Bloomberg Tax
May 25, 2023, 2:21 PMUpdated: May 25, 2023, 7:38 PM

State Owes Seized Home Surplus to Tax Debtor, Justices Say (3)

Perry Cooper
Perry Cooper
Legal Reporter

Local governments that keep surplus proceeds when a homeowner’s property is seized and sold to settle tax debts commit unconstitutional takings, the US Supreme Court ruled Thursday.

Geraldine Tyler, now in her 90s, moved out of her Minneapolis condominium and into a senior community in 2010 when she became concerned about crime. After she ran up a $15,000 tax debt on the condo, including fines, costs, and interest, Hennepin County sold the property for $40,000 and didn’t give Tyler the surplus.

“The county had the power to sell Tyler’s home to recover the unpaid property taxes. But it could not use the toehold of the tax debt to confiscate more property than was due,” Chief Justice John G. Roberts Jr. wrote for the unanimous court. “The taxpayer must render unto Caesar what is Caesar’s, but no more.”

Tyler filed a proposed class action arguing the Minnesota county’s actions amount to a Fifth Amendment taking without just compensation or an excessive fine under the Eighth Amendment. Only 14 states allow the government to take valuable real estate and all equity in the property as payment for small tax debts.

“Today’s decision is a major victory for property rights in the United States,” Tyler’s attorney Christina Martin of the Pacific Legal Foundation said in a statement. “This decision affirms that property rights are fundamental and don’t depend solely on state law. The Court’s ruling makes clear that home equity theft is not only unjust, but unconstitutional.”

Matt Hilgart of the Association of Minnesota Counties, which filed an amicus brief in support of the county, noted that the state’s tax forfeiture process, which “rightfully so, prioritizes keeping individuals in their homes,” is complex and costly for county governments to administer. “Counties are responsible for assuring that abandoned properties do not create a safety or wellbeing risk to the community and do not disproportionately burden other property taxpayers,” he said. “It remains the case that for most properties going through foreclosure process, counties spend far more taxpayer resources preserving, cleaning up, and getting the property back to a sellable condition than what they may be compensated for through a sale.”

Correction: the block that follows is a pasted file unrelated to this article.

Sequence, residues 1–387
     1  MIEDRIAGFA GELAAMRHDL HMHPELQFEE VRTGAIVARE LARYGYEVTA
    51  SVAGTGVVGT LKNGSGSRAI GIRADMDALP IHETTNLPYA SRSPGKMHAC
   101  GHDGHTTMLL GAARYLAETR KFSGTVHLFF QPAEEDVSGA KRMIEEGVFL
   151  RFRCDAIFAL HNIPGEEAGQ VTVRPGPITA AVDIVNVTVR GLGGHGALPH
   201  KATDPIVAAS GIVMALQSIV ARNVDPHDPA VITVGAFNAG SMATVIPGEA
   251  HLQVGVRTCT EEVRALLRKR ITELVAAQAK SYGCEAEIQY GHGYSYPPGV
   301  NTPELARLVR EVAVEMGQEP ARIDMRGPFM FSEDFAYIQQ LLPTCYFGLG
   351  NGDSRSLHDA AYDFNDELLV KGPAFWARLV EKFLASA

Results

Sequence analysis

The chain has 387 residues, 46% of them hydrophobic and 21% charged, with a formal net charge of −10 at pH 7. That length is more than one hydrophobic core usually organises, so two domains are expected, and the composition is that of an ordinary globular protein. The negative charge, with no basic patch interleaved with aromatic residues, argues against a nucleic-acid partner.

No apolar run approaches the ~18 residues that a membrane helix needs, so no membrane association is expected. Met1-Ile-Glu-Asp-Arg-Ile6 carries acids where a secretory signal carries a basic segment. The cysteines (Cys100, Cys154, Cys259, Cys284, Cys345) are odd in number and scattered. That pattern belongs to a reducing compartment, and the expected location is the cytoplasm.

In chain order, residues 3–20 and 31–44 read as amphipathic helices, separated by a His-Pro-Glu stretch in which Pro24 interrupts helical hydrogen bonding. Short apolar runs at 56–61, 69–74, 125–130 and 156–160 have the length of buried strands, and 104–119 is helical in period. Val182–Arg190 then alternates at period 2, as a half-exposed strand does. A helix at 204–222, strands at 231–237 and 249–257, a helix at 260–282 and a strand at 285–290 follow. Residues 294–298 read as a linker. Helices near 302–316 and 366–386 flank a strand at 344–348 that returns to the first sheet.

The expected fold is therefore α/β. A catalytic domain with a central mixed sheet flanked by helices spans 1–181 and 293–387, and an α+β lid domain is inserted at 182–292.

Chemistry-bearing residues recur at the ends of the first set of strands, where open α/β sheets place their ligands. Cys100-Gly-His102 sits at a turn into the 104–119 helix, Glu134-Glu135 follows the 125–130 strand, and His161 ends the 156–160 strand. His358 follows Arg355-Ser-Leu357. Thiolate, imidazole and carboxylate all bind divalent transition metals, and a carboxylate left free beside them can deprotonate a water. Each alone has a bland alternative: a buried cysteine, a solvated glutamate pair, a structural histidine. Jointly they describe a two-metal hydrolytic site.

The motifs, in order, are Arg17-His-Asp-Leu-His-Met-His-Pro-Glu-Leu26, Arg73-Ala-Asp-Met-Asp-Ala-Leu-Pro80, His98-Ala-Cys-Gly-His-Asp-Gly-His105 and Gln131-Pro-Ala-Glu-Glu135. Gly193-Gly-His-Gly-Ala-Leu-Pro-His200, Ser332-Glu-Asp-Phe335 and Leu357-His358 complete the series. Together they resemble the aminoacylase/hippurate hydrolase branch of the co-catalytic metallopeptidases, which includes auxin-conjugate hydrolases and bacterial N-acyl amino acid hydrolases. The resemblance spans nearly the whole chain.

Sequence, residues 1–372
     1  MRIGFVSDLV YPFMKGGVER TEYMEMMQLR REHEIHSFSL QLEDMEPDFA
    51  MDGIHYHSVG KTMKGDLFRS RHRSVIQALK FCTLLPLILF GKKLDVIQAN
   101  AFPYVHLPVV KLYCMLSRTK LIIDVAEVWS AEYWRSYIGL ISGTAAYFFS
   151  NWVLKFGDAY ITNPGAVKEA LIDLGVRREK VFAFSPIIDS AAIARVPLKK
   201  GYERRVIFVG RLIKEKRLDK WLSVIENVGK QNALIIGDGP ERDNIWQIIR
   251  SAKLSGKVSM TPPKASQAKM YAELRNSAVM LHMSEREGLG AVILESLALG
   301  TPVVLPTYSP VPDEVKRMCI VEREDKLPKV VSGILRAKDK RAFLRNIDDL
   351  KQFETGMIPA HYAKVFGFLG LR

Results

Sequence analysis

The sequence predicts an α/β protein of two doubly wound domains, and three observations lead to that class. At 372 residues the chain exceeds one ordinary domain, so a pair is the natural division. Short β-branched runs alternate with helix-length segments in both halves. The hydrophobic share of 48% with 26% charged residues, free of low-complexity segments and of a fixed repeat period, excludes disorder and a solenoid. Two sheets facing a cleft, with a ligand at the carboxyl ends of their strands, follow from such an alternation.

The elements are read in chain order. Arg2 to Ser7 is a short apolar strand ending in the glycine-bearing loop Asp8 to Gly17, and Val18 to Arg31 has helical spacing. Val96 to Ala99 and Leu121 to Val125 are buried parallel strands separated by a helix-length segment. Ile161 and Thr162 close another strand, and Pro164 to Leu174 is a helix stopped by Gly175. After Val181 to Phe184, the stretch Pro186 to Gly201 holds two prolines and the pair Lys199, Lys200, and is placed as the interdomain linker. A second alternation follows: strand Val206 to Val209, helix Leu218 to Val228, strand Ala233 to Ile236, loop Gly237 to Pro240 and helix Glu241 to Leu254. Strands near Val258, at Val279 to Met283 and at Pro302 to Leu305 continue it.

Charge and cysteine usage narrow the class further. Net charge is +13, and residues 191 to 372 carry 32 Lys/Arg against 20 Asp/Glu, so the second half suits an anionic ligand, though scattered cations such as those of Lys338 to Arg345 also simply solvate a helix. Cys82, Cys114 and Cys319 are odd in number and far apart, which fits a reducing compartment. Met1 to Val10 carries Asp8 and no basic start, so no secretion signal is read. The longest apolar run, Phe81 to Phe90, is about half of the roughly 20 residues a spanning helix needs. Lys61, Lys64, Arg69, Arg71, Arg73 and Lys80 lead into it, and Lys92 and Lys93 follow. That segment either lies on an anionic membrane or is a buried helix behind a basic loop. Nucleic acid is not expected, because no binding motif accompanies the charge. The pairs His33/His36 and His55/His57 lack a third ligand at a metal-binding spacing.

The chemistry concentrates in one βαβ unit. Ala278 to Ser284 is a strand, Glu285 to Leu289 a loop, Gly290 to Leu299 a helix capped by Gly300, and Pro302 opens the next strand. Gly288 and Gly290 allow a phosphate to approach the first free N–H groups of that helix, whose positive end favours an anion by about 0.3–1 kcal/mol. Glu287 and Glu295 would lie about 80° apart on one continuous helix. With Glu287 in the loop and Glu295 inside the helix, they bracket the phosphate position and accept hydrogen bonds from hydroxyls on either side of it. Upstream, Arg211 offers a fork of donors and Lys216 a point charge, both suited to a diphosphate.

Nelson Distinguished

A federal trial court dismissed Tyler’s suit and the US Court of Appeals for the Eighth Circuit affirmed. Minnesota law doesn’t recognize a private property interest in surplus equity in the tax-foreclosure context, the appeals court held.

The Supreme Court reversed, rejecting the county’s argument that Tyler could have sold her condo to pay the debt before the county seized it. “Requiring a taxpayer to sell her house to avoid a taking is not the same as providing her an opportunity to recover the excess value of her house once the State has sold it,” the court said.

It also rejected the county’s argument that Tyler didn’t suffer a financial harm from the sale of her home, because she owed more than it sold for on a mortgage and a homeowner’s association fee lien.

Tyler plausibly alleged a financial harm because she still remains personally liable for those debts, the court said. “Had Tyler received the surplus from the tax sale, she could have at the very least used it to reduce any such liability,” it said.